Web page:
Why Community College

Learn all about community college and whether it is the right choice for your academic career. We'll cover the history of community colleges, the latest trends and issues, and the top degree-producing schools. Find out why students are turning to community colleges, see what issues affect campuses with such a diverse student body, and get information on the latest trends in degree offerings.

View the most popular articles in Why Community College:

Fewer Classes Waiting for California Community College Students

Updated
|
Fewer Classes Waiting for California Community College Students
We continue to report on the ongoing saga in the California community college system. Schools are now opening for fall semester with fewer courses due to serious budget cuts, and students are feeling the academic pain.
The start of a new school year is typically an exciting time for college students, filled with new professors, new material and the promise of progressing further into the world of higher education. However, for California community college students, those first days have been filled with worry and frustration, as record numbers have found themselves squeezed out of much needed courses. Thanks to continued budget cuts throughout the state, more students are missing out on college classes that would help them advance their education and move into careers of their choice. With less money to go around, schools say they have no choice, and students are left feeling the financial pain.
 
Tighter Finances All Around

The San Francisco Chronicle reports that since 2008, the community college system throughout California has received $809 million less in state funding, which makes up around 12 percent of the system’s total funding. When lost funding is combined with the rising costs of running an institution of higher education, the financial deficits become even more pronounced. For example, Diablo Valley College, located in Pleasant Hill, California, has cut around $14 million from its budget since 2009, to compensate for a loss of $5.2 million in state funding and rising operational costs.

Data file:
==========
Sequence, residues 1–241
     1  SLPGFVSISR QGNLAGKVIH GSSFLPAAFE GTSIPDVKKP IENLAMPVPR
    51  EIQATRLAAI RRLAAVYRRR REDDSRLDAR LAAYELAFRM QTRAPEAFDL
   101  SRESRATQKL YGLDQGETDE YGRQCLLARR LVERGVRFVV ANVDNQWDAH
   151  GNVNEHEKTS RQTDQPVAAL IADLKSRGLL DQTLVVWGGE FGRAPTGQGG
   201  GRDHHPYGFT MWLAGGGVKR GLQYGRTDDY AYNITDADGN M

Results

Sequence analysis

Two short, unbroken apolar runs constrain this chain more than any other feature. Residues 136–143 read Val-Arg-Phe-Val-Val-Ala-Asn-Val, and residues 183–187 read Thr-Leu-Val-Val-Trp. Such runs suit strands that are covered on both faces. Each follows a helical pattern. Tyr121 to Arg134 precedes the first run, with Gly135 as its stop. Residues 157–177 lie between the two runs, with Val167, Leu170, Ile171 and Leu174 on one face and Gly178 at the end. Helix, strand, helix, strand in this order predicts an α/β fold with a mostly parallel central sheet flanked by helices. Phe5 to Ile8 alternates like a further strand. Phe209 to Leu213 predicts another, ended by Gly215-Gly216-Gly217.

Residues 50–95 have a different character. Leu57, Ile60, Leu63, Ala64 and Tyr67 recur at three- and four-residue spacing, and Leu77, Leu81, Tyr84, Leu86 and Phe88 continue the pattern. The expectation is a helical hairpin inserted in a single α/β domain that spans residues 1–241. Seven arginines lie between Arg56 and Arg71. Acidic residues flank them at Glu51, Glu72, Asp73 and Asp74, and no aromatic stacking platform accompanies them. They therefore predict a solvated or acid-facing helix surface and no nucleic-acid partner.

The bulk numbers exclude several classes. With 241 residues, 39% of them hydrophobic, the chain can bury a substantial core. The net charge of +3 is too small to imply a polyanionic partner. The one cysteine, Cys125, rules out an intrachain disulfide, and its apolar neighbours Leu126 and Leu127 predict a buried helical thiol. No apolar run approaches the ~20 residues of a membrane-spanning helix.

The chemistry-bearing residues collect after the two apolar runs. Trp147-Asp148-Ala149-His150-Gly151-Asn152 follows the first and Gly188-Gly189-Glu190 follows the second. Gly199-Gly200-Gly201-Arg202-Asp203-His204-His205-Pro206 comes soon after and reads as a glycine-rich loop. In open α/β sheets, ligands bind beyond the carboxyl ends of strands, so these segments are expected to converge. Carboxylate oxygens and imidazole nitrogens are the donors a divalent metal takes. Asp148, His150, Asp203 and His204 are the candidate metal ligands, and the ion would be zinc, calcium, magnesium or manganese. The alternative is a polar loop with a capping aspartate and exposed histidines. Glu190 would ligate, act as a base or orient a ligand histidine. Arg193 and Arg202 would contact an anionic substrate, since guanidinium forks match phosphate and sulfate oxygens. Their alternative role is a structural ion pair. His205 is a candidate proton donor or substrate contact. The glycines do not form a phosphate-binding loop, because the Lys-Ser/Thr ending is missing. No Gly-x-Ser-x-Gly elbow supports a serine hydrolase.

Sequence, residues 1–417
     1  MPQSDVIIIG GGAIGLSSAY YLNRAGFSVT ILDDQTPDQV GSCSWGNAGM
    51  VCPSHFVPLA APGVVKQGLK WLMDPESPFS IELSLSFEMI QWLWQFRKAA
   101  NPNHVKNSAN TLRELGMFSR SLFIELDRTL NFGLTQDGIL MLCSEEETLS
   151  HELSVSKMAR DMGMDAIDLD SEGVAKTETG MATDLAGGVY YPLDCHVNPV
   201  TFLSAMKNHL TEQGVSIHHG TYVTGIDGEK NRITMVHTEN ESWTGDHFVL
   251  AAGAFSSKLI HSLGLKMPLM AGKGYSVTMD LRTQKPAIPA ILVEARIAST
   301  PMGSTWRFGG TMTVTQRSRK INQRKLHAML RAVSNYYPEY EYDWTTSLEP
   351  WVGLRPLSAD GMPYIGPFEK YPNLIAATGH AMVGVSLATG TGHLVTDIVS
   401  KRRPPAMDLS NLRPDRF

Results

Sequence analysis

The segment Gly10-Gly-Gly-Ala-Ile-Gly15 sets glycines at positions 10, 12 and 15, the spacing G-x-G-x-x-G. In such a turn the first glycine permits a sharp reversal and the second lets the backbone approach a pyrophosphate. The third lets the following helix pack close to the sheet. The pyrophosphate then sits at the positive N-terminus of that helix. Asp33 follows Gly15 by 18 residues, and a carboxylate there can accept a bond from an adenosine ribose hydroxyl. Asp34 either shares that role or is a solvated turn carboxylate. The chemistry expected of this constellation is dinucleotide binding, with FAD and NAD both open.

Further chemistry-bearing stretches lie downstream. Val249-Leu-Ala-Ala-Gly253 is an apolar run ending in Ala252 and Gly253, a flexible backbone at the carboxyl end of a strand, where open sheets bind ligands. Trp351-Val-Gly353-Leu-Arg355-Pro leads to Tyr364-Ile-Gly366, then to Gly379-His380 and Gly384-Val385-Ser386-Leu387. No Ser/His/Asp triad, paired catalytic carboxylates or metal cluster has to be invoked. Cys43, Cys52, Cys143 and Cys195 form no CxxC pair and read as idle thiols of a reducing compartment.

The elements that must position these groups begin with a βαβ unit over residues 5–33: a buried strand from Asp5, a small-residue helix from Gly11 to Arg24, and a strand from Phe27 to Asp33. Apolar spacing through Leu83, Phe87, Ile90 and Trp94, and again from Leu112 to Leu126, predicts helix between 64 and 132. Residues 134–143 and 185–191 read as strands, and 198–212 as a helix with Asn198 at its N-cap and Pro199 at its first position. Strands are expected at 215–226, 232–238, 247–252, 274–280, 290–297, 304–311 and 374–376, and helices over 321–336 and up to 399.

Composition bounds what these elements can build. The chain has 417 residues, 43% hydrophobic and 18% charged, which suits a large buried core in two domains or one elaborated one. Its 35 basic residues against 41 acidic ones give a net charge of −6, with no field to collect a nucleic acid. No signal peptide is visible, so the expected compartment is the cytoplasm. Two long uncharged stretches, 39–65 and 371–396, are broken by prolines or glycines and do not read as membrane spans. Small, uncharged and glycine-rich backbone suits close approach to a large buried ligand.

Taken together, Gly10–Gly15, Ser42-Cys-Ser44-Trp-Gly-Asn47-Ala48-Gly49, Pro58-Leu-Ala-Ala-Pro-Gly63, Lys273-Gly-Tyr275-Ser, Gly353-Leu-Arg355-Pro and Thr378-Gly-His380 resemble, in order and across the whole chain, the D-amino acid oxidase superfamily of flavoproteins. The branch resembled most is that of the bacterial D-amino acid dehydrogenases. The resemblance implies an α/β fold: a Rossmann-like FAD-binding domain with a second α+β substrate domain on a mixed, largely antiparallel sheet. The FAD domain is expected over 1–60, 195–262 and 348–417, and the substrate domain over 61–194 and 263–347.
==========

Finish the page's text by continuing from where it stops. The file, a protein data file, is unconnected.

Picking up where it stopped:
The Press-Enterprise states that community colleges throughout the state are functioning on at least 12 percent less money than they had during the 2008-2009 academic year. To make up the difference, the entire system has resorted to “workload reductions.” The idea
. . .read more

The Problem with Community College Placement Tests

Updated
|
The Problem with Community College Placement Tests
We examine a recent report that questions the fairness and effectiveness of college placement exams in determining whether students need remedial education before taking college courses.
Placement tests have traditionally been used by community colleges nationwide to determine whether recent high school graduates are prepared for the rigors of college coursework. The results of these examinations have landed many incoming college freshmen into remedial or “developmental” classes designed to bring their academic skills up to par before embarking on more challenging college-level classes. However, recent evidence suggests that those remedial classes may be having a much larger – and negative – influence on college completion rates overall. Additional research has shown that these placement examinations may not even be the most accurate assessment of college readiness for the majority of students today.
 
College Placement Exams Study: Other Measurements More Accurate?

A new study from Achieving the Dream, a non-profit organization, was created to improve community college outcomes for low-income students. The study, titled, “Where to Begin? The Evolving Role of Placement Exams for Students Starting College,” found that tests commonly used by colleges to determine incoming student placement may be inaccurate and create hurdles to student success in college. The study found that other factors, including high school grades, maybe better measures of success.